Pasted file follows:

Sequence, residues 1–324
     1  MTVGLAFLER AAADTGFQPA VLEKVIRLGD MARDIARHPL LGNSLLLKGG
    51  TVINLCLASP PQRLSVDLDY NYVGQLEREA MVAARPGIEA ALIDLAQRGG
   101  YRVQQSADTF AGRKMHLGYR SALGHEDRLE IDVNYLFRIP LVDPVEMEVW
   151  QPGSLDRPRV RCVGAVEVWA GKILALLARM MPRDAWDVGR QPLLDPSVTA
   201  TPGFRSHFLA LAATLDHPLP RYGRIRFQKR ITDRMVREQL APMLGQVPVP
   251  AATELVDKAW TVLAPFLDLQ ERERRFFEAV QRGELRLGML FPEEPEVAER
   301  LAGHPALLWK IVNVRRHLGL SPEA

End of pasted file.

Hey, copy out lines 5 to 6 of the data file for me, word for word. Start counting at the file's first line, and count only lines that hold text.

   151  QPGSLDRPRV RCVGAVEVWA GKILALLARM MPRDAWDVGR QPLLDPSVTA
   201  TPGFRSHFLA LAATLDHPLP RYGRIRFQKR ITDRMVREQL APMLGQVPVP